If you lived in Southeast Texas in 2017, you'll never forget Hurricane Harvey.
The floods, the winds, the damage, and the selfless acts of heroism that arose from our community thanks to first responders and volunteers.
Now, in the wake of a historic natural disaster, we've just learned something we never thought was possible from our city's political leadership: our city's mayor told firefighters to stay home during Hurricane Harvey, according to a new report from Bill King.
In the midst of this mayhem, the City of Houston inexplicably ordered its off-duty fire fighters to stay home. Houston has about 4,000 firefighters, with about 850 on duty at any given time. The other roughly 3,000 off-duty officers are available to be called up for duty in the event of an emergency.
Just after noon on Sunday, August 27, the city sent out an email calling on Tier 1 employees, which includes fire fighters, to report for duty. But two hours later the City sent out another email saying that the previous email did not include fire fighters who were not already on duty. Later that day, County Judge Ed Emmett called for volunteers to assist with rescues, saying that government resources were exhausted, apparently unaware that the City had 3,000 fire fighters sitting at home. It was not until Tuesday that the City began calling in some of its off-duty fire fighters. Of course, by then most of the rescues had been made.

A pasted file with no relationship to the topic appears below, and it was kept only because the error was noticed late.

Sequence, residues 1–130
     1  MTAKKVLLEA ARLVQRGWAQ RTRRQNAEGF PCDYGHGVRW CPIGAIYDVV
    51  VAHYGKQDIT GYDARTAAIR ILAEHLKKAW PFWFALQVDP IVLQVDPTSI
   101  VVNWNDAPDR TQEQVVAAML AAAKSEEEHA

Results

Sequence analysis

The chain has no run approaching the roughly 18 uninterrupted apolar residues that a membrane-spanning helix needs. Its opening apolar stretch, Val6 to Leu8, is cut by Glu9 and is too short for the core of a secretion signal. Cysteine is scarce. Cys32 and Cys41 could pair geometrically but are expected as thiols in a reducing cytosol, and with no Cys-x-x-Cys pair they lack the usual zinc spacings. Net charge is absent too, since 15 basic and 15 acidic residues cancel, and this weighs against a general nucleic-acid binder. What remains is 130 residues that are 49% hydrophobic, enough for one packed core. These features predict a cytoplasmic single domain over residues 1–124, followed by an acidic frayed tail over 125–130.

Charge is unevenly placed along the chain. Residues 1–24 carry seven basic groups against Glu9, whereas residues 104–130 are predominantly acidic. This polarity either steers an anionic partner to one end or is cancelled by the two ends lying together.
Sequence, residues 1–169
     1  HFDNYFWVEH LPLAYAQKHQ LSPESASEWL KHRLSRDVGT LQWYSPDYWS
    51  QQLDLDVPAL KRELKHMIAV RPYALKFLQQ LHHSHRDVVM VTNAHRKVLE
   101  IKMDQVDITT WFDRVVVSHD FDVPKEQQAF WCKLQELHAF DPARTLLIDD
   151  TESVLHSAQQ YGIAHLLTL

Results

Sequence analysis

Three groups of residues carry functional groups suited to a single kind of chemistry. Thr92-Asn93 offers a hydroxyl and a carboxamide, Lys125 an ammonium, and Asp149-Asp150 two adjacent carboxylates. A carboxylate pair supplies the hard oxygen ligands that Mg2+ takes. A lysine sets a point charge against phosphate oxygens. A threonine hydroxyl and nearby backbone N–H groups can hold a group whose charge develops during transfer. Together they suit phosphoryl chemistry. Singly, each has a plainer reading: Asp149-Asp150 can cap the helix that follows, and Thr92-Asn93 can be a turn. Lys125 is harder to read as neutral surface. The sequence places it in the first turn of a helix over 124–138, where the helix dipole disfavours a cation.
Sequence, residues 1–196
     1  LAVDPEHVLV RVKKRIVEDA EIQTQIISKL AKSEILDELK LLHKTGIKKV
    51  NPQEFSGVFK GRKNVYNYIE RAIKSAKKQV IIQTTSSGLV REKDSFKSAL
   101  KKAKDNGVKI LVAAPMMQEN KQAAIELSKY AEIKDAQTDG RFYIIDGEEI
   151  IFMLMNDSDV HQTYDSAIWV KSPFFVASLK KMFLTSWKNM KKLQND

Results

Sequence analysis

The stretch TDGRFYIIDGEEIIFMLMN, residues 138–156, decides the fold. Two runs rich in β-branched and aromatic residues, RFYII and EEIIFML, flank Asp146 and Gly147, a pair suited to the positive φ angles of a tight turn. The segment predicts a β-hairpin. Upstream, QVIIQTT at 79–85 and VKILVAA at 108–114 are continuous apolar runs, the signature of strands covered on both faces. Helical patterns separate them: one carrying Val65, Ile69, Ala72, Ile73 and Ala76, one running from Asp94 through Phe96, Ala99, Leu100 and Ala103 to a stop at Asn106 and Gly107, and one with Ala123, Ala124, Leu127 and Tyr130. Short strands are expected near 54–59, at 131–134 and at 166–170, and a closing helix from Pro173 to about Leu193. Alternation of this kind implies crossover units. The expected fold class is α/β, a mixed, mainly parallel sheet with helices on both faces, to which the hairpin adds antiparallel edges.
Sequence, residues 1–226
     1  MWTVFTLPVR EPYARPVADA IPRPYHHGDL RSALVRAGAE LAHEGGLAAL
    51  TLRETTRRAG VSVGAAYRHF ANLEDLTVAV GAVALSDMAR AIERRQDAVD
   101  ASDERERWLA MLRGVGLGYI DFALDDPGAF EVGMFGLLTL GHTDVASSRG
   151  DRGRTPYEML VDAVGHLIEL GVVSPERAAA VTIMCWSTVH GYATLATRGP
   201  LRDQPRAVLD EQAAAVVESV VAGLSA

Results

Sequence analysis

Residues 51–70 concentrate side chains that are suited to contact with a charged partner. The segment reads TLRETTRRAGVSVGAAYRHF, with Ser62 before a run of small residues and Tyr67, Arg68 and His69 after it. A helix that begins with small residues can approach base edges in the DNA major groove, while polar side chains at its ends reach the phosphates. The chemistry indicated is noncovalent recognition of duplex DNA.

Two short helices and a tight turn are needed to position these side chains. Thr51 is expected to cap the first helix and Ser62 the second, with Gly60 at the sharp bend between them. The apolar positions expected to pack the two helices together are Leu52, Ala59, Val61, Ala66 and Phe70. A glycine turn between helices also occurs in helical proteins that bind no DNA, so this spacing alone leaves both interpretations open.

This is one of those stories that is so bizarre and so irrational that it is hard to believe. But it is true. The order to stay home was reported at the time by many media outlets. I have provided links to some of those below. And you can read the order yourself by clicking here.
This order unquestionably put lives at risk and delayed rescues. Turner has never offered any explanation for his order. Absent some rational explanation, this order was gross incompetence at best. But I fear there was a darker motivation at work.
Wow. Just wow. It's hard to imagine city leadership being so reckless but here we are, folks. Thank God for groups like the Cajun Navy and Houston's first responders.
PORT ARTHUR, TX - AUGUST 30: A Port Arthur fireman holds an evacuee after she was rescued from the flooding of Hurricane Harvey on August 30, 2017 in Port Arthur, Texas. Harvey, which made landfall north of Corpus Christi late Friday evening, is expected to dump upwards to 40 inches of rain in Texas over the next couple of days. (Photo by Joe Raedle/Getty Images)